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The Ortonville Independent
Ortonville, Minnesota
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June 8, 1922     The Ortonville Independent
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June 8, 1922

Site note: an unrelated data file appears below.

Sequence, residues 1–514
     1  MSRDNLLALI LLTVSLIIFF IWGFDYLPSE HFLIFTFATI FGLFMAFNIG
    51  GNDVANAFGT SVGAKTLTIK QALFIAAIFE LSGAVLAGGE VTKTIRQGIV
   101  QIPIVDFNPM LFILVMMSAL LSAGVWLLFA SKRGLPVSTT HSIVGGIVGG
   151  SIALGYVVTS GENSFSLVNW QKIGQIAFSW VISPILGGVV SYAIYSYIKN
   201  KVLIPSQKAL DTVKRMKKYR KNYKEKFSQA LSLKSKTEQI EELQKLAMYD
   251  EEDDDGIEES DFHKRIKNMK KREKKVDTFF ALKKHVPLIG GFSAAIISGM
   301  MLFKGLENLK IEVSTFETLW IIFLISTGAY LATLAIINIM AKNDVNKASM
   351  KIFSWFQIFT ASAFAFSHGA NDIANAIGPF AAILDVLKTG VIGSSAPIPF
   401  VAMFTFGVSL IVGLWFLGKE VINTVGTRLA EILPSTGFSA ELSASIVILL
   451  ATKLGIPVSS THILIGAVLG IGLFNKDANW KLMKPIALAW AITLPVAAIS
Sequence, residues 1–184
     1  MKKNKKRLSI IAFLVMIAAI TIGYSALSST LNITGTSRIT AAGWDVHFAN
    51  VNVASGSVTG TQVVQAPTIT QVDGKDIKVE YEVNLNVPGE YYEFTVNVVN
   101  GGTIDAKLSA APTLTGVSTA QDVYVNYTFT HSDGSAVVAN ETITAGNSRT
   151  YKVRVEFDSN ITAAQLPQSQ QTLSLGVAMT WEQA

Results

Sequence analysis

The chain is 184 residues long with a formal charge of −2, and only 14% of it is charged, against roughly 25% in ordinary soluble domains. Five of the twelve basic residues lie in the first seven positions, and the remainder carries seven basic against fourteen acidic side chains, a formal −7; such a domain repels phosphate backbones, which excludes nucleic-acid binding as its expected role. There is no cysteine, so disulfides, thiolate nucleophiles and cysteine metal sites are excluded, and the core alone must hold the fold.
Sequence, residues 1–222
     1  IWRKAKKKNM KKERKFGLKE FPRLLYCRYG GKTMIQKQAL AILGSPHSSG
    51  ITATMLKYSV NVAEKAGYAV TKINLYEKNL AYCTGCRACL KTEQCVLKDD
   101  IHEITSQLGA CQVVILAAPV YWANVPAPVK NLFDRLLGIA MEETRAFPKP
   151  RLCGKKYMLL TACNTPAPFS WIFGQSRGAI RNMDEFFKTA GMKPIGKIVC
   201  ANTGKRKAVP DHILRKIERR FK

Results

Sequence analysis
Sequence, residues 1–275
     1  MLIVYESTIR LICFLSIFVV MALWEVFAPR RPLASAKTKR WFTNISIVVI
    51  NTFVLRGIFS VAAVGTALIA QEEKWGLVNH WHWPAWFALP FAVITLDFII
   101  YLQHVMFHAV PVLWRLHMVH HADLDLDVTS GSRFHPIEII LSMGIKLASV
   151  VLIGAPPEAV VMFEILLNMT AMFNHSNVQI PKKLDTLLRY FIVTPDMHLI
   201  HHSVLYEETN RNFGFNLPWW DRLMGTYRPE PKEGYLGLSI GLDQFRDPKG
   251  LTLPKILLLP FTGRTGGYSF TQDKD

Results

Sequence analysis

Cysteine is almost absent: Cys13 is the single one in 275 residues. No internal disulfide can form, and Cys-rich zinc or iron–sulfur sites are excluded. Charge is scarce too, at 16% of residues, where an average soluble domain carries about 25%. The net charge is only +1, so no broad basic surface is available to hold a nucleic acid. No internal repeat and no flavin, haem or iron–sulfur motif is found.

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THE ORTOY00LE INDEPENDENT VOLUME III ORTONVILLE, MINN., THURSDAY, JUNE 8, 1922 NUMBER 5 LUNDEEN GETS COLD SHOULDER NEED $1,000 FOR JULY FOURTH. Legion Committees to Start Soliciting At Early Date, to Raise Ftmd. Between eight hundred and one AT B V MEETING thousand dollars will be necessary to carry out the plans of Ralph hi. Spink Post of the American Legion I for the big 4th of July celebration, it Candidate for U. S. Senator Twas stated today, following the regu- . lar meeting of the post on Monday Makesto SmallSpeechG th ri frmInAUt[ night, at which the different caramit- tees made their report. _a___e__no this i Every effort will be .made by the .Lj. j Post to raise this amount, it was -- stated, and the entertainment corn- Ernest Lundeen, progressive repub-I nttee, of which Chas. H. Bolsta is lican candidate for United States Sen-T chairman, will commence soliciting at ate steamed into Ortonville Friday uorning in his Nash six and deliver- ed from his machine on the street a few hurried shots at what he termed the "big machine." Mr. Lundeen, referring to his for- mer visits to Ortonville, particularly the one in the fall of 1919, when he was deported by having been placed into a refrigerator car, after an at- tempted speech at the Orpheum thea- tre, said, that he held no ill feeling toward Ortonville. "It was the best piece of advertising I ever had," he said. "Less than a week afterward ]my attentpted speech hera against the League of Nations it was killed by Congress. Less than a week after my speech here former President Taft rose in pretest against the treatment accorded me in Ortonville. At about the same time the American Legion 1National Committee censured the ac- tion of those instrumental in my de- portation.,' Senator Ketlogg's record in the sen- ate was assailed by the speaker, par- ticularly on his vote for the I..ague of Nations, Newberry, and on his first soldier's bonus vote. Lundeen plead- ed for the support of the fanmer and World war veterans pledging that he would see that both were rresented. He forecast his own victory, stating that Anna Dickie Oleso.n, Melghen or Kellogg would have no show, from What he was able o learn. Following the style for which he has become known over the state, undeen devoted his few minutes while here to personal attacks on sev- eral local parties who were leaders in his deportation. Mr. Lundeen offered no remedies to what he classified as prevailing ills in the United States Senate. His at- tacks were aimed principally at sol- dier bonus legislation, railroad rate guarantee, and foreign entan__giemmr He charged that congre was n?t sat .?fled with delving into European af- fairs but had already become greatly interested in "black Africa," and that it had apprepriated a large sum to eaueate the people of certain sections there." Lundeen placed himself in the class of such men as Senator Borah, of Idaho, Hiram Johnson, of California and Robert LaFollette of Wisconsin whom he claimed as personal admir. ors and intimate friend. His speech at Ortonviile was one of a series he made over the county, Gspeaking at Correll, Odessa, Clinton, raeeville, and Beardsley. h People of this community have now'l card Anna Dickie Olesen and Lun- deen in campaign speeches and may hear Meighen before the primaries on June 19, but it is understood that Sen- ator Kellogg will he unable to devote any of his time personally to the fight in the primaries, beeanse of important egislation slated at Washington. Residents of Browns Valley, where LUndeen had engaged a hall, were not favorable to him by any means. A cording to reports, "the speaker didn't . speak.', He was hissed from the hall gave up his ammpt in vain. watch the papers after une 19th," was a favorite expression of his. At one of the meetings a listener retort- ed, "I'll say, watch them. You won't know there was an election so fars votes YOU get are concerned." Seniors Entertain Royally On "Queen of the Lake" Twelve o'clock on Saturday morn- ing, brought about eighty gayly dress- ed picnicers to the doe where the "Queen of the Lake" awaited their arrival. The event was the annual Junior-Senior picnic given by the graduating class. At about one o'clock, after much hilarity, the hosts and hostesses with their guests, boarded the launch to I to Springs. V=- g e two a a half hours' -'- ttlv k'1Wj the time spent in making the trip, a most delightful, leisurely trip was in- dulged h Reahi.ng the Spring, a palatable dinner was served to the hungry pr- ty. Various forms of amuments were thought of by all members 4 the circle, and enjoyed until evening. On the return trip, diffeimt me hers of the faculty Performed a mook wedding ceremony, much to the amusement of those on board. The boat landed at the dock at tm- thirty, bringing home a tired but hap- PY pople, this ending the hool activities for the year., " an early date. The entertainment program calls for band concerts, water sports, floats, and a dsplay of fireworks, besides other forms of amusement. At the meeting Monday,. Ralph Hippie, G. C. Tyler and Henry Bailey were appointed as a committee to meet with members of the Legion Posts of Beardsley and Clinton to dis- cuss plans for the part the Legion is to take at the Big Stone County Fair next Fall. The committee met at Clinton Tuesday night, but no definite arrangements were decided upon as the fair board members could not he interviewed. Another me.ng will be held later. Tourists Increasing With Stop-over At Ortonviile Will and Ed. Robinson of Marshall, Minnesota, passed thru here Monday on their way from Portland, Oregon, to Marshall, in a Ford Coupe. They carried a large banner with the word- ing "Marshall, the Best Town in America." Directly under that word- ing--to satisfy the different towns thru which they passed was the let- tering "Your town Excepted." While here they called vn F. M. Birkenmey- er, of the Pioneer Store, who formerly lived at Marshall. They averaged better than 200 miles a day and their praise for the Yellowstone Trail was such that it makes one feel proud to live in a town located on this national- ly known highway. Every day sees an increase in the number of tourists travelling over the Yellowstone Trail and the city camp- ing park is being enjoyed by a large number each day. / Local Man. Bays Farm. A deal was  laet Saturday whereby Cj4ergrom, living ear Foger; e the ' owner of an eighty  farm, the property of an. cob Brain. The deal was made thru A. B. Kaercher & Company. Peter Skram drove down today from Lilly, S. D., for a visit with his cousin, A. S. Halls. s PUPILS OF COUNTY SCHOOLS HOLD ROBBERS WORK AT ODESSA. ENTY ENROLLED Kollitz Store Burglarized aeeond Time CONTESTS WITH SEV ,. Less Than Three Weeks. Robbers for the second time in less Miriam Morril and Sylveste Clance Wachter (Dist. 13) Correll Steen Now Eligible to En- ter State Contest, on Fair Week, September 2-9. I Seventy children coming from vari- i ous pars of the county enrolled for the county.contest in reading, arith- metic, and spelling held in the high school auditorium in Ortonville last Friday, June 2. Immediately following enrollment the contest in Arithmetic was held This contest was not a test to show what each grade should be able to do but was a test on accuracy in the fundamental operations. Addition and subtraction was given in every grade, with the addition of ,mt}ltiplica- tion and division in the intermediate and upper grades. One or two sim- ple problems involving statement form was given in each grade from 4th to 8th grades inclusive. From fifth to eighth grade ten practical measurement questions were added. Those winning first and second place in the county were as follows: Grade I.Dist. 42, Esther Thomp- son, Ortonville, lst; Dist. 43, Luille Rixe, Johnson, 2nd. Grade II.Dist 42, Albertine John- son, Ortonville, 1st; Dist. 2, Marion Hanson, Ortonvi.lle, 2rid. Grade III.--Dist 42,Peter Hanson, Ortonville, 1st; Dist. 39, Shirley Mor- rill, Clinton, let; Diet 42, Vera Nel- son, Ortonville, 1st; Dist. 43, Lorna Stevanus, Johnson, 2nd. Grade IV.--I)ist. 26, Earl Hanson, Correll, 1st. Grade V.--Dist. 31, Liela Eastman, Clinton, 1st; Dist 42, Stanley Mathi- son, Ortonville, 2nd. Grade VI.Dist. 2, Leonard Peter- son, Ortonville, 1st (100 per cent); Diet 43, Rtzby Leslie, Johnson, 2nd. Grade VIL--Dist. 43, Edythe Leslie, Johnson, lst" Grade VIIL--Dist. 59, Arthur A. Carlson, Barry, 1st. Following the contest in Arithme- tic, after a five minute intermission, during which all small children wish- ing to play were taken in charge by two Normal Training girls, the con- test in oral spelling was held. There were thirteen conteztedts. 7altar well tL tng throe hundred words, the Judges found that Clarence Wachter, Correll, (Dist. 1), Miriam Morrill, Clinton (Dist 39), and Alvilda Cartberg, Clin- ton (Dist. 6), had each missed two words. After all other contests were over in the afternoon, another con- test was held eliminating two, Miriam Morrill, won 1st place (Diet 39), and J. R. Jenkins, Dies After Long lllne00 Had Been Farmer of Big State CK. ty for Many Years. Fnneral Servie Held Sunday. John 1 Jenkins; who had been a resident of Big Stone county since 1898, during which "time he devoted the major part to building up of a farm in Prior township, died at the home of his daughter, Mrs. A. EL Sturges, at the age of 68 years. Mr. Jenkin's death had been expect- ed for several wee k- He underwent an operation in October at the West- ern Minnesota Hospital for stricture of the bowels and since that time he gradually  w eak. Death was caused from anaemfa, from which he had suffered for a number of years. John ]1. Jenkins was born in New York State August 30, 1854, his par- ents having come originally from wales. When 4 years old, in 185, he came with his parents to LaCrosse County, Wis. Hem he spent his boy- hood and young manhood. On Sep- tember 23, 1877 he was married to Evelyn F. Davis. They engaged in farming in Big Creek Valley, La- Crosse Co., Wisconsin, until they came to Big Stone County, Minnesota, in April 1898. Here they again engaged in farming, in Prior Township, on what is known as "Matthews Ran." In 1908 they moved to Spring Grove Park, where they lived un 1915, when they moved to Ortonville. Hero Mr. Jenkins engaged in business un- til in 1919, when he was obliged to retire on acoount of ming health. He passed away at ten o'clock L n, June 2, 1922, at the home of his daughter, Mrs. St. S. Sturges; leaving Mrs. Jenkins and this daughter, Mrs. Sturges, both of Ortonville. Mr. Jen- kins wits a member of the Modern Woodmen of America, at Clinton; al- so of Lake Lodge No. 170 and Golden Rod Rebekah Lodge No. 71 of the In- dependent Order of Odd Fellows at Ortonvilie. During the months previ- ous to his death these orders have helped'greatly in his core. Not a night passed but, what some member was at his badside. Funeral services were held from the Sturip residence on Sunday af- ternoon, with Paul . Boekoven and Rev. G. L. Haggans oflislattng. Serv- ices at the grave were conducted by the Odd Flewe Ldga. held second place. A contest in written spelling was held as soon as all returned after din- ner, about 1:30. Twelve entered this contest. Fifty words were pro- I nounced. All received grades vary- ing between 94 and 78. Dist 21.--Sylvester D. Steen, Or- tonville, Dist. 59, Helen C. Skog, 1st; Barry, 2nd. After the written contest the read- ing contest was held thruout all the grades. Each was given about one page to read in a book unfamiliar to them. They were scored 50 per cent on expression; 20 per cent Articula- ;tion; 20 per cent Pronounciation; 10 iper cent Position. Those winning first and second place in reading were as follows: Grade I.--Dist 43; Harold Jaenisch, Johnson, let; Dist. 42, Ida Hanson, Ortonvflle, 2n&- Grade ll--Dist. 29, Marvin Ober- holtzer, Beardsley, Ist; Dist. 2, Marion Hanson, Ortonvilie, 2nd. Grade III.--Dist. 59, Margaret Han- ratty, Barry, 1st; Dist. 29, Alma Ober- holtzer, Beardsley, 2ncL Grade IV--Nist. 20, Laurence Knud- son, Beardsley, 1st; Dist. 5, Ralph Barsema, Ortonville, 2nd. Grade V--Dist. 5, Alberta Barsema, Ortonville, 1st; Dist. 43, Irene Alt- hoff, Johnson, 2nd. Hammuer Arrests Forger. John W. Hausauer, special agent Mr the Milwaukee Road returned from a trip to Dickenson and Minot, N. D., the fore part of the week, where he was sent by the corany to apprahend a party for forging a hek Mr. Hausauer after investigating the ease arrested Joseph Dressier, a minor, living near Raleigh, N. Dak, and he pleaded guilty. Dressier had forged a cheek involv- ing the Milwaukee road in the mlm of $94.45. Local Baseball Team Win From Appleton 9 to 8 Ortonvilte sucoeeded, after valiant effort and much horse-play, in annex- ing Sunday's game with Appleton on the looal field Iy a scero of 9 to 8. Four safe hits which resulted in four runs the .first inning made it looked like a walk-away for the loc- als, but Chflds in the box for Orton- rifle, was "hog-wild" and in the third stanza wlked the  three up. Clark, first up, who was advanced to third on the free shifts took a wide 4ead off the hag and in attempting to put him out, Miller, local catcher, threw the ball into left ,field and Brown returned it over the ttoher's head in his attempt to ward off the next runner and two more tallies were counted by the visitors. They annextd five more as the game progrestd on walks, hits and errors while the looais kept about even though trailing one or two behind until the ninth inning. In the ninth Faedtke, who had suc- ceedad Scott in the box for Appleton, passed the first three and a hit thrn third base was all that was necessary to score the winning tans. The game as a whole was a weird exhtion of baseball. C'nilds could not find the plate and this was offset by the inexperlenceof Appleton's slab artists who had just been tnated from high schooL Ortonville's team can, with prac- tise, become equal to the best in this part of the state. Without that, no team can hope to induce a following in the form of a "paying crowd." Lake Weleame Ditut Vkiter& Dr. and Mrs. C. . Lows of M- bridge, S. D., arrived on Sunday af- ternoon for a month's outing at tim lake. Mrs. Iawe is a sister to. Mrs. Bee Dixon, who formerly attended school her L Grade VI.--Dist. 20, Thordis Knud- son, Beardsley, lst; Dist. 43, Ruby Leslie, Johnson, 2nd. Grades VII and VIILDist. 5, Eve- lyn Dodds, Ortonville, 1st; Dist 20, Lloyd Knudson, Beardsley, 2nd. Every contest was entered into in good spirit and proved very interest- ing to the parents, teachers and friends who had gathered to hear them. This was the culmination of work started in many localities last au- tumn, when two or three neighbor- ing schools met for a contest. Some schools failed to hold any prelimin- ary contests but all with the excep- tion of six schools entered the elim- ination contests held during the last week in April or the first week in May. One of the above was un- fortunate in having three teachers during the year, the last one of which did mt know the date of the contest unti! too late to join in. Miriam Morrill, winner in oral ell- ing, and Syivester Stesn, winner in written spelling are now entitled to compete in the state contest held in St. Paul at the State Fair in Septem- ber. A small contribution of five dol- lars and seventy cents was taken up to help defray expenses. than three weeks centered their activi- ties on the Kollitz' store of Odessa, when on Monday night they escaped with merchandise valued at $200.00. Discovery of the robbery was not made until on Tuesday morning when one of the clerks came to work. En- trance was found to have been made by way of the basement and the lock to a side door picked to permit a di- rect route to an automobile which must have been put into use to cart the loa& The loot consisted of the more ex- pensive merchandise of the store, such as silk hoisery, shirts, caps, ties, shoes and of course they had to top it off with smokes so they took a few boxes of choice cigars. Empty boxes fotmd strewn about the store gave evidence that time was taken to select only the most valuable goods. Sheriff John Gowan was summoned but no trace was found giving any clue on which to work with a view of apprehending the guilty parties. On Thursday nijht, May 18, the store was burglarized and merchan- dise taken of considerable value. En- trance was gained at that time by prying open one of the rear windows. Council Holds Regular Session Monday Evening Business was very light at the regu- lar meeting of the city counail, held on Monday evening at the Library. Appointment was made of Mrs. Gee, MacMurpey to fill the vacancy on the library board, caused by the death of J. M. Snesrud. Victor Beckman was appointed as night watchman during the summer months and the street committee was authorized to have made, "auto speed warning signs to be erected in con- spicuous places. "Auto speeders can- not say then that they knew not what our regulations are," mayor Bailey said. "This idea of people driving like mad folks must be stopped, at least insofar as it appliesto Orton- ville." Permission was granted the Ameri- can Legion for use of. the streets on July 4th, at which tithe they will have erected booths for various entertain- ment features. Will Hold Social Afternoon. Members of the W. R. C of this mty will hold a soekl afternoofi at their rooms at the courthouse on Flag Day, Wednesday, June 14, from 3:00 to 7:00 p. m. Refreshments will ,be served and the proceeds will go to the relief fund. An invitation is .extend- ed to everyone to be present. ]Construction Of Mr. and Mrs. Martin Schoen enter- tnined Mr. and Mrs. C. E. Burkhart of Hubbard Woods, Illinois and Mr. C. B. Mclntosh, Vice.President of the Sehunma Plane Co., Rockford, IlL, on Monday, The party was taken for a trip on the "Queen of the Lake." They fully appreciated the scie beauties of the lake. After return- ing to shore the guests were enter- tained at. the Sehoen home. There were. between twenty-five and thirty invited gtests. Dr. Lemon In Address Says Many Have Imaginary I Dr. Lemon who delivered the com- mencement address at the Orph Theatre Friday night  his hope that the class of 1922 Would not go thru  life with an Idea t n mind that there was gometldng wrong with themselve Illustrating this poirt the speaker related a story of a woman whom he said constantly complained of being unwell until she was persuaded to consult a doctor. He, of course, knew her real well and after an ex- amination discovered that there was nothin seriously wrong with her, However, he prescribed  sweet tast- ing drink al she imenedlately began t get well Ae the story was told she complained no more and went back to the docter sad asked him what she had been suffering from. He in- formed her of the proper name. This she repeated many times over until she reached home where she looked the definition up in the dictionary and found that it meant "a blight on the bean." " Mr. Lemon assured the graduates that ninny people were exactly this woman hut didn't realize the fact. Oratiorfs by the valedi, Ed- win Carlson, and salutation, Ragna Hjelmeland, showed remarkable study and observation made by these young people in the preparation of their es- says. Mrs. George Shumaker, president of the Board of Education, presented the diplomas to the high sohool grad ares, while Miss Martha Rothwell, county superintendent, presented to the normal graduates, their eertifi. cete Wayne Kelly drove a new Oadillac Sedan out from the twin eittm Satur- day night. : ........ Dam To Start Soon[ Lake LeVel Anured by Structure at Head of Minnesota River. Milwaukee to Asoist. Favobable expression having been received on Wednesday from Cerlos Avery, state game and fish commis- sioner, on the hurter of constructing a dam Itt the foot of Big Stone Lake, after a conference last week with Wayne Kelly and oRbert Sohoen of this city, the work will now begin and the lake maintained to its prop- er level. The work will be in charge of Fred Peterson and son of this city. Material for the dam will be furn- ished free of charge by the Mitwaukee Railway Company, wich is interested iK keeping the lake level to the prop- er height on account of preserving its fish and also for the  benefit the com- pany receives in obtaining clear ice it ships to various pOints along its line, The obstruction will be made from 4 inch ptank laid in'dodble thickness and in at least four sections to per- mit easy removal in oatm of necessity . 'It will be of a tenrportry nature. According to the letter from Mr. Avery written to Mayor J. A. Bai- ley, when the majority of te peo- ple favor such a dam it is not necessary to obtain an order from that department. The principal rea- son for seeking the advice of the de- partment was on the matter of cob- strutting a fish-way. This, R was held, is not necessary so long as the harrier is of a temporary nature. Removal of the gates will be mde during the early spring to permit the fish to get into the lake. Grading Lakeshore Road. Grading operations on state road No. 1, better known as the Lake Shore road, leading out of this dty north- ward, was commenced recently by he Sehoen Construction Company. The road is beihg straightened and widen- ed in several places where necessary and tle rough spots touched up pre. paratory to heavier operations that are to be made on it next season. At the present time grading is being made to Gustafson's corner, a point about nine miles from here. When this road Is finally comple- ted it will furnish people of the north- west one of the most beautiful drives td be found in  .part of the state. INITIAL PLANS MADE FOR BIG LEGION MEETING Ralph M. Spink Post and Auxiliary Offer Best to Seventh District D e 1 e- gates on July 24. Plans for the Seventh Distriat Am- erican Legion Convention which will be held in Ortonville on Monday, July 24th, have this week been released from the hands of the local commit- tee in charge and have been broad- casted over the district generally by a bulletin sent out from the offices of the present District Cammander, W. W. Larson of Starbuck. One specific announcement made by the committee, of which Earl W. Mil- ler is chairman, and which is carried out in the bulletin, is the securing of names of the delegates who will at- tend the convention. Names of dele- gates and alternates must be in the hands of Mr, Miller not later than July 1st. The bulletin includes also a blank for the listing of the dele- gas and alternates and this should be filled out in duplicate and both copies forwarded to Mr. Miller. Getting these names to the com- mittee in charge early will greatly as- sist them in formulating further plans. The Ortonvilie Post is plan- ning on financing the convention in such a manner that delegates and al- ternates will be given the banquet and entertainment provided absolute- ly free of charge---a feature which heretofore has not been attempted. Ortonville, blessed with more than a usual amount of natural convenien- ces, is in a position to entertain the delegates and their friends in a novel and interesting manne and the com- mittee in charge of the 1922 Conven- tion are determined to make use of those advantages and put on a pro- gram that will meet with the unani- mous endorsement of all. Their Le- gion ,Post is exceptionally active and they have no fear of being able to live up to what is expected of them. Th time is yet too far distant to make specific announcement regard- ing the time for sessions, etc., but all that will be giver publicity t due time. The Ortonville Auxiliary Unit is also very active in arranging fgr their district meeting, which takes place at the same time. They will have their speakers and regular business ses- sions, while the entertainment fea- tures will be enjoyed by both organ- izations in a body. Names of dele- gates to the Auxiliary Convention should be sent to Mrs. C. A. Zwien- er, Ortonville, Minn. Both organizations realize that a good deal of the success of he con- vention depends upon their ability to secure, in advance, the names of the delegates and they ask only that each pot in the district make their selec- tions early and forward names. COLONEL RODGERS WILL INSPECT LOCAL GUARDSMEN Colonel Rodgers, of the Federal De- partment will be in Ortonvllle Friday night to inspect the local guard unit, it was made known today by C. A. Zw,ener, lieutenant, in ehage of the unit. With Colonel Rodgers approval, which is expected will be gfven, the Ortonville unit will soon be give a letter company. At the present time there are p- wards of 50 men in th company and enlistments are being received dally. Notice has been given that all guards- men must be at the courthouse at 7:30 Friday evening. If Ortonville  is to have a full strength company, and indications point favorably that way, the support of the townspeople is of material value. Lad Traps Family of Wolves Near Beardsley It is not safe for the parents to both leave home at the same time with the children left to guard them- selves. Many people have learned that lesson. There is in this county somewhere a father and mother wolf that learned the came lesson a short tLmo ago, when they returned to dis- cover that their entire family of eight little ones, they had left so play- ful, were not therf. They had been captured by Frm Erlckson, a lad living south of B'dsiey, who was out for that putqpose and who had waited patiently for the opportune time Young Ertekson and his father came down on Monday to inqre about the bunty. One of the wolv was found &rod, having been killed by the others after they were placed in a pen in captivity. Besides hav- ing ridded his section of the county of eight dastroyera, Erlekson, will v- eetve $2L00 from the county auditor, as bounty, providing: he decides to ki them and brtnl the eateasee h 81 proof, which the law requlre